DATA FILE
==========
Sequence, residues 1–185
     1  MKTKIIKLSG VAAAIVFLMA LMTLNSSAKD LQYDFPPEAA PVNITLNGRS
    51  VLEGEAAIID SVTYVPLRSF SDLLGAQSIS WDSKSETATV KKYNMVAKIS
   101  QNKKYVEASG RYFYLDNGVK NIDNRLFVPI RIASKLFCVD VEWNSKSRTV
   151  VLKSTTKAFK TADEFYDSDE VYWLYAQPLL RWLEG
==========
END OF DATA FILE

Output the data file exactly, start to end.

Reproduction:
Sequence, residues 1–185
     1  MKTKIIKLSG VAAAIVFLMA LMTLNSSAKD LQYDFPPEAA PVNITLNGRS
    51  VLEGEAAIID SVTYVPLRSF SDLLGAQSIS WDSKSETATV KKYNMVAKIS
   101  QNKKYVEASG RYFYLDNGVK NIDNRLFVPI RIASKLFCVD VEWNSKSRTV
   151  VLKSTTKAFK TADEFYDSDE VYWLYAQPLL RWLEG